Cultural eutrophication: perspectives and prospects
History of cultural eutrophication. Cultural eutrophication is old as Homo sapiens. In particular after the introduction of agriculture and larger settlements eutrophication has been mans faithful companion. During the pre-agricultural hunting and picking stage only probably a couple million humans inhabited the world and cultural eutrophication was negligible. The 3 orders of magnitude increase in population has changed this considerably. Human population growth and mans present existence is entirely based upon the development and efficiency of agriculture. Seafood delivers only a small percentage of human food word wide (see Chapter 15). A consequence of the increased population (based on agriculture) has been large-scale cultural eutrophication. This process has accompanied all major civilisations. Mesopotamia, the Golden Crescent, the Mediterranean cultures, central Europe, North America and China all have been affected/suffered from the effects of cultural eutrophication. Some of us may dream about the good old times of the Middle ages when man lived closer to nature, when the word appeared to be ‘greener’ than today and when life was more ‘natural’. This view is based on a misunderstanding. The present eutrophication of the Baltic and North Sea was preceded by similar or even worse eutrophication periods caused by logging and the introduction of large-scale agriculture in Europe. Medieval cities were probably not only unsanitary, but contaminated by organic wastes, nutrients and heavy metals. The cultural eutrophication in major cities must have been immense, far beyond today’s imagination. A good example of the ambience of Paris in medieval times is portrayed in Patrick Suesskinds novel ‘Perfume’. Cultural eutrophication is thus not a recent phenomenon. It has continuously accompanied mans existence in variable degrees. Locally cultural eutrophication can have been far more significant than today.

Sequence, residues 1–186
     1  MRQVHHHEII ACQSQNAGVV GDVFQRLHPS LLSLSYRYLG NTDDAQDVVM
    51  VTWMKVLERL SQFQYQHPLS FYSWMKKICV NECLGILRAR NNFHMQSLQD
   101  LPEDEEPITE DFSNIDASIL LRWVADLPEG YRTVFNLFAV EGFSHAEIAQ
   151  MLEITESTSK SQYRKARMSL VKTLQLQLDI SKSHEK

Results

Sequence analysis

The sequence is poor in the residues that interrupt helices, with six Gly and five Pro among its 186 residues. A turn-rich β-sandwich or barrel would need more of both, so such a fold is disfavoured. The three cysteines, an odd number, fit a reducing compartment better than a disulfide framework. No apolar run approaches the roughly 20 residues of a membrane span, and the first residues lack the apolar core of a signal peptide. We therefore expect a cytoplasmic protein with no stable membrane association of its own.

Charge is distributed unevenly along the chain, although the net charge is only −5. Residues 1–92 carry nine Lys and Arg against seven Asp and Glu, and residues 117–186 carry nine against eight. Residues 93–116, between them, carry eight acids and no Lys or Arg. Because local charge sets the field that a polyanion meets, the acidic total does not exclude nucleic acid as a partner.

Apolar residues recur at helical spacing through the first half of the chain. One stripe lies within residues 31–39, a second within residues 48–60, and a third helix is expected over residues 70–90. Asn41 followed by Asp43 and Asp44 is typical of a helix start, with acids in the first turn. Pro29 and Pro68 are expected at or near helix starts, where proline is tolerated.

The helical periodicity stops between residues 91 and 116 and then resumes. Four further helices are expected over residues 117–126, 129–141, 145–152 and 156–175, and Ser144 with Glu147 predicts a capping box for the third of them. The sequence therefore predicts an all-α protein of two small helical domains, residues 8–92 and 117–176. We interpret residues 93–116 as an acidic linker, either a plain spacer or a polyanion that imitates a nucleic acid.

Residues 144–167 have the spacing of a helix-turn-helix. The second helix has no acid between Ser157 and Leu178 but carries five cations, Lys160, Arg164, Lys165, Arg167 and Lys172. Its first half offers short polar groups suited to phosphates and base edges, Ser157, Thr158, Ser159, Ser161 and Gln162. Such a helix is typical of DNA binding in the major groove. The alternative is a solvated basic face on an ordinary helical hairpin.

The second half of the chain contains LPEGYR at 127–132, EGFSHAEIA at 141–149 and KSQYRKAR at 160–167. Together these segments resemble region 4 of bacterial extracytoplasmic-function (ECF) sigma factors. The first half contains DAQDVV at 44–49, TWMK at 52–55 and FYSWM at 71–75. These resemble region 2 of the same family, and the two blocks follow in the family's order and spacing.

PublisherUniversity of Tromsø, Norway
CitationChapter 17 in: Wassmann, P., Olli, K. (eds.). 2004: 'Drainage basin nutrient inputs and eutrophication: an integrated approach' University of Tromsø, Norway (available at http://hdl.handle.net/10037/2389)
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